External source ID—identifies a synonymous term in an external ontology or vocabulary (there are also many distinct external ID annotation properties for common vocabularies such as UMLS CUI (UMLS Concept Unique Identifier), MeSHID, NeuroNamesID, etc., along with a NIFID to link to the coarse-level NIFBasic categories used in the NIF Registry)
Curation status—indicates the extent of curation applied to date (e.g., curated, uncurated, raw import, definition incomplete, hierarchy location temporary, pending final vetting)
Dates—createDate and modifiedDate are a part of standard versioning practice
Obsolete properties—isReplacedBy and hasFormerParentClass—obsoleted classes receive these properties which also serve as a part of the versioning practice to help track the evolution of concepts
Neuroanatomical region class for “BIRNLex_1241” (preferred label = amygdala) and associated annotation properties
Subcortical brain region lying anterior to the hippocampal formation in the temporal lobe and anterior to the temporal horn of the lateral ventricle in some species; it is usually subdivided into several nuclear groups; functionally, it is not considered a unitary structure
These annotation properties add lexical enrichment (e.g., synonyms) for text mining literature and database content, promote automated curation of NIFSTD and BIRNLex and match standard annotation syntax in order to leverage community curation tools. They also allow the automated tracking of the status of a term and cross referencing to the original source of the term, as well as other terminology resources. The example (Table 3) shows the neuroanatomical region class corresponding to “amygdala” which includes external cross-references to the NeuroNames vocabulary, the UMLS CUI, and other supporting curatorial details.
The NIFSTD was constructed according to a set of practices established for the BIRNLex by the BIRN Ontology Task Force (http://www.nbirn.net/research/ontology/ontology_taskforce.shtm). As far as possible, these practices follow those established by the OBO Foundry project (Smith et al. 2007), and supported by the National Center for Biomedical Ontology (NCBO; http://www.bioontology.org/). These principles are designed to avoid duplication of effort and ensure that work performed under one domain has maximum utility to the broader community by conforming to standards that promote reuse.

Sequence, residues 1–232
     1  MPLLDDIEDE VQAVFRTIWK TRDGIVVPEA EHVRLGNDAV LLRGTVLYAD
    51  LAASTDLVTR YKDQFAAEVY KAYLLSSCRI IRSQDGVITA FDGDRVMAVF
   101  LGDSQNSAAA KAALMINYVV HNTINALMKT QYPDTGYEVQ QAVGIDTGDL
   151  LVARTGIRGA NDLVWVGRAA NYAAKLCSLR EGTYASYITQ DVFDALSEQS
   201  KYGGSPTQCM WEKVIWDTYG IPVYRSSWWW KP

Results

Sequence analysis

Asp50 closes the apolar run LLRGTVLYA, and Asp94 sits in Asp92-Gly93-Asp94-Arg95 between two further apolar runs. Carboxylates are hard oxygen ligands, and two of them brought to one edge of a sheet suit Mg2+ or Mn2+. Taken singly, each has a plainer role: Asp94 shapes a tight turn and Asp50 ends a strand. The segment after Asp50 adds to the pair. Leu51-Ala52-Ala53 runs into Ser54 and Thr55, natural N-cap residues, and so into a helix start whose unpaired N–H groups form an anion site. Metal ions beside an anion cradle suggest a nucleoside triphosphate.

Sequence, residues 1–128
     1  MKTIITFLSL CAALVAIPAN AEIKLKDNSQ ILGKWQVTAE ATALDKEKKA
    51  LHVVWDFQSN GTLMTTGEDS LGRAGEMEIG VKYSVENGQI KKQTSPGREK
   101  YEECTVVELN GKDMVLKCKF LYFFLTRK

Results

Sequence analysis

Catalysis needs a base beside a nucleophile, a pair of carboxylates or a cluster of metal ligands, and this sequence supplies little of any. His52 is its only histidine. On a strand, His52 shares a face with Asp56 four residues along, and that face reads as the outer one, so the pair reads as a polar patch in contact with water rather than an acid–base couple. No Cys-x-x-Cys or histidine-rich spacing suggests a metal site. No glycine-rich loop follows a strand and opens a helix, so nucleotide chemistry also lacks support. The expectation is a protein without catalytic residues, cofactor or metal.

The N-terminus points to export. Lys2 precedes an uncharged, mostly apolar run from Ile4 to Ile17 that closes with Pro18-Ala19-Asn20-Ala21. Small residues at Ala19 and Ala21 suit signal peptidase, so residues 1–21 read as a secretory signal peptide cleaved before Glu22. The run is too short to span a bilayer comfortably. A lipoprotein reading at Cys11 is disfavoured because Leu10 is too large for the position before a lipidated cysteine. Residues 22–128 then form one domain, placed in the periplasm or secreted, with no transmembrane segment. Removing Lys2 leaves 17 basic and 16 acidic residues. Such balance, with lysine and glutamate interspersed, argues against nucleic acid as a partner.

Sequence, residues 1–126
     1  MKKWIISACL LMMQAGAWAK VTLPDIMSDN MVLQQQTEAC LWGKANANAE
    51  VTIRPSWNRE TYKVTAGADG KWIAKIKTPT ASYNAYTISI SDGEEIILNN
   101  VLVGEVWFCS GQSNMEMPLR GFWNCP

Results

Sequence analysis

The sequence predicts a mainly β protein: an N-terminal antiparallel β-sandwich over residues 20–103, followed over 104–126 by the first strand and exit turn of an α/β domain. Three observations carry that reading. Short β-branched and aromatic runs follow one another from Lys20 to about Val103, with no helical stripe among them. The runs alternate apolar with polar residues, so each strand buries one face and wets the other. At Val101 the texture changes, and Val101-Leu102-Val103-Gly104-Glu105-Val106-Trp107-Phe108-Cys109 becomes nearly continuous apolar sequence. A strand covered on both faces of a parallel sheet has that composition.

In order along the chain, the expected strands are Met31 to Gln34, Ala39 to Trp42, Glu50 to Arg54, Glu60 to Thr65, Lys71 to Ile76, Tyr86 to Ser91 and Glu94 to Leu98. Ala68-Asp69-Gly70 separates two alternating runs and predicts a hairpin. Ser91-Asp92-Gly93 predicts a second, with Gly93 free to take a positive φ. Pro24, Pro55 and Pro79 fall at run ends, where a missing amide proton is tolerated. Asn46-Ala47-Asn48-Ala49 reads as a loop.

Re-use of Available Distilled Knowledge Sources
Wherever possible, existing terminologies and ontologies were re-used to cover domains that were required by the BIRN and NIF projects (Table 1). These community vocabularies were culled from a variety of sources, ranging from fully structured ontologies to loosely structured controlled vocabularies. A more detailed discussion of each of these domains and issues regarding their import is provided in the “Results” section.
Distinct, Orthogonal Concept Domains
Each of the OWL modules in NIFSTD consists of a conceptually orthogonal or distinct domain (Table 1). Orthogonality is one of the primary OBO Foundry principles critical to ensuring maximal re-usability of the ontology. The modularity helps minimize dependencies and ensure re-use by enabling users to accept only those domains they need for annotating. If an ontology contains one or more domains overlapping with an existing module, files must be mapped extensively to specify semantic equivalencies thus creating an added dependency and curatorial burden.
Each class within a domain has only a single parent class.
Unique Concept Identifiers
Each entity1 within the ontology is assigned a unique identifier that serves as the name of the class. Human-readable labels are assigned through the preferred label, synonym, abbreviation and other lexical variant annotation properties.
Universal Resource Identifiers
In the semantic web, complete Universal Resource Identifiers (URIs) are used to maintain the identity of a given entity. In the case of a class in NIFSTD, the complete URI is the URI for the OWL module where it resides along with the specific ID (or local name in XML) for the class within that file—e.g., http://purl.org/nbirn/birnlex/ontology/BIRNLex-Anatomy.owl#birnlex_1699 is the URI for middle cerebellar peduncle.